Earlier this week law enforcement officials in Queens, New York arrested thirty people accused of operating a credit card identity theft fraud ring in which they are accused of using the fraudulent credit cards to purchase more than 3.5 million dollars of costly electronics and fashion merchandise that would then be sold and turned into cash. The indictments name Muhammad Rana and Inderjeet Singh as the kingpins of the scam.
The primary manner by which they are accused of accomplishing the fraud was through identity theft of personal information of their victims that was then used to set up new credit card accounts. Particularly in the last year since the implementation of EMV chip credit cards, new account fraud, as indicated by research company Javelin in its 2016 Identity Fraud study, has increased 113% over the previous year.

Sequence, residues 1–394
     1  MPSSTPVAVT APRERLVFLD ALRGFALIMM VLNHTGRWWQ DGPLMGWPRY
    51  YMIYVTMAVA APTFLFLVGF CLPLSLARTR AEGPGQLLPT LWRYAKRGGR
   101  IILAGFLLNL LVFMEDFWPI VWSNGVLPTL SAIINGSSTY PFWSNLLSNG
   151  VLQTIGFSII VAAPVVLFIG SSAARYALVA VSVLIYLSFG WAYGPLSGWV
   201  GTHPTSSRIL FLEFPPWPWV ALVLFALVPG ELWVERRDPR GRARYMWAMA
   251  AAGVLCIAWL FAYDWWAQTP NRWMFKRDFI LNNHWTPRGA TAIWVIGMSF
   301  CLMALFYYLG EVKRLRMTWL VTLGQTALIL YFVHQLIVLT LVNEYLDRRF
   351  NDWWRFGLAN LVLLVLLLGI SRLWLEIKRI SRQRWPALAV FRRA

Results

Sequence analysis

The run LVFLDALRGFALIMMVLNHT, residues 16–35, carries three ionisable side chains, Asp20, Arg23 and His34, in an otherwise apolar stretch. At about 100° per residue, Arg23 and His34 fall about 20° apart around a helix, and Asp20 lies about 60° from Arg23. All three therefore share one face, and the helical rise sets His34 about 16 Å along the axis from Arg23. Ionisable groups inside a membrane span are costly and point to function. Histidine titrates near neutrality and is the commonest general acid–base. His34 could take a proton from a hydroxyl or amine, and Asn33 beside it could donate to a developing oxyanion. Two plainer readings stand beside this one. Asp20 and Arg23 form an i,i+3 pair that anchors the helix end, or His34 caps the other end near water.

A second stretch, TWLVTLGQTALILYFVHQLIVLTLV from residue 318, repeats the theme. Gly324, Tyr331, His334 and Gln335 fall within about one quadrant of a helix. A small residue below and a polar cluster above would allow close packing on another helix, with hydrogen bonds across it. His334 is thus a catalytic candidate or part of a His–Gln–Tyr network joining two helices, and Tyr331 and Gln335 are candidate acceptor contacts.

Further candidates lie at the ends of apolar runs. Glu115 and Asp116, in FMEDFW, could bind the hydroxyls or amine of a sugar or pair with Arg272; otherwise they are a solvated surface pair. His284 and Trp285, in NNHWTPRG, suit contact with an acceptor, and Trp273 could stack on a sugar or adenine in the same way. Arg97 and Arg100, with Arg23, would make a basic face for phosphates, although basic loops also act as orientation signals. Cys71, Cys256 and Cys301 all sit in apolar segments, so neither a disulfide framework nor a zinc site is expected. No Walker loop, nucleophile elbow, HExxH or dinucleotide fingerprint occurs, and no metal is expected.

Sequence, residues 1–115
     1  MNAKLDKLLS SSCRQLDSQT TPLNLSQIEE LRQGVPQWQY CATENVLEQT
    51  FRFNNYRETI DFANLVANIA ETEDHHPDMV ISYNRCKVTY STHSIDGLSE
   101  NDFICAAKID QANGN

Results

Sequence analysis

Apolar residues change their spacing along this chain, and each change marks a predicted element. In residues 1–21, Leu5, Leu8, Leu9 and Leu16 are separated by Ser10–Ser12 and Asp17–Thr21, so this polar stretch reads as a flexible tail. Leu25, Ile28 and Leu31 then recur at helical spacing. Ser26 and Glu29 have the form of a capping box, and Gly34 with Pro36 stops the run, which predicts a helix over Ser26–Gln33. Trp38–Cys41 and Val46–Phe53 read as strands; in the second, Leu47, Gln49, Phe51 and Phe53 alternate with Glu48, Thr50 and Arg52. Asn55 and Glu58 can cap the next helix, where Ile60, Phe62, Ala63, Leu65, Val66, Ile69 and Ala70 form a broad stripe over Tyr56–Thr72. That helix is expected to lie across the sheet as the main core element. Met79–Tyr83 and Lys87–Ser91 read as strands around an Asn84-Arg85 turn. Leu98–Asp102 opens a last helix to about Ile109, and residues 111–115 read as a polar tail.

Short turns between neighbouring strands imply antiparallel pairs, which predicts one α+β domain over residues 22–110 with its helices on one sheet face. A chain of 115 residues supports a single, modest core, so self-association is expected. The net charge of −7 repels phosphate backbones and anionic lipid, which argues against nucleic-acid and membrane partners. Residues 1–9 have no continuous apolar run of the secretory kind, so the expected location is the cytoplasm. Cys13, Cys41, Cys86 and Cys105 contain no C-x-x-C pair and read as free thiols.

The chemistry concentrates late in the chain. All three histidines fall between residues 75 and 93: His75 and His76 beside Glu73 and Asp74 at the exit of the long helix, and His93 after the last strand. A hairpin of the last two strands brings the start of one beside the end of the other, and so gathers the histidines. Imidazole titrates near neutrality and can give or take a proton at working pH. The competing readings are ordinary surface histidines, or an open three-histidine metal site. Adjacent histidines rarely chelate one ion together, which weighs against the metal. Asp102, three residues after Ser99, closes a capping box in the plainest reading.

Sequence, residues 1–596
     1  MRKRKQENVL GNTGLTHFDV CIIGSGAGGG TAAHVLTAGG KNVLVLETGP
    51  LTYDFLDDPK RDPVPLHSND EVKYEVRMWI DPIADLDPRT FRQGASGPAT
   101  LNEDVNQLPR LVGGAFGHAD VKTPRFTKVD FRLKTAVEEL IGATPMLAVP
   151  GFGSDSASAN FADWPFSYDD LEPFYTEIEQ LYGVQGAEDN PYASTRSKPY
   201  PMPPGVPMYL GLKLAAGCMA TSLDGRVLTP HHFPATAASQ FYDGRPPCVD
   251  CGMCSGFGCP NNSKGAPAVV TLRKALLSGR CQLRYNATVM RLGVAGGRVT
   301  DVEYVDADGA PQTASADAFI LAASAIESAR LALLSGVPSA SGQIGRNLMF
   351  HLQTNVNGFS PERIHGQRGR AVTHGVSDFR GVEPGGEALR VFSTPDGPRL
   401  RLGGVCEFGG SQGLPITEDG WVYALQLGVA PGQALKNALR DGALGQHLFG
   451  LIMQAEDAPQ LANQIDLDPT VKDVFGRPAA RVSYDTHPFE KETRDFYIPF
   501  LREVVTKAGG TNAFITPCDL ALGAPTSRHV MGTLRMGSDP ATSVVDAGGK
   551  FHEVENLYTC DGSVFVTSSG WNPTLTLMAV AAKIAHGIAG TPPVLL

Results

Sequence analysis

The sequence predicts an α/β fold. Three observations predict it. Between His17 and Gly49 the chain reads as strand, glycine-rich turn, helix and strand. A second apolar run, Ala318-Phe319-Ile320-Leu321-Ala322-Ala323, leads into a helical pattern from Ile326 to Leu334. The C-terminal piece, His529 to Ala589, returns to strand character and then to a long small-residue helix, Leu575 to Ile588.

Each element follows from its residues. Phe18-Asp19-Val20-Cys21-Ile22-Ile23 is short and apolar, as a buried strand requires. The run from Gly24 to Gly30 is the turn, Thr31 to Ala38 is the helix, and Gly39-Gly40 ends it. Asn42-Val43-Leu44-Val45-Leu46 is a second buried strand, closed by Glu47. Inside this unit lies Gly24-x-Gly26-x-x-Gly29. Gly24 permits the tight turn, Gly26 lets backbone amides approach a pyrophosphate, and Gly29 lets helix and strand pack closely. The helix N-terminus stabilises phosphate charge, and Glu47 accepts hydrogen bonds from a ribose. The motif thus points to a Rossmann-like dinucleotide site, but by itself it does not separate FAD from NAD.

In this case, the Queens District Attorney is alleging that the criminals obtained the personal information of their victims necessary to establish new accounts such as their names, dates of birth, current and past addresses, Social Security numbers, bank account information and credit information from one of their co-conspirators who worked at a car dealership where he had access to this information provided by potential car buyers.
You are only as secure as the places that have your personal information with the weakest security. Whenever you provide personal information to any entity, you should inquire as to who has access to this information, how it is stored, how it is protected and the policy for deleting such information when it is no longer needed.
In addition, you should regularly monitor your credit reports to identify incidents of identity theft as early as possible.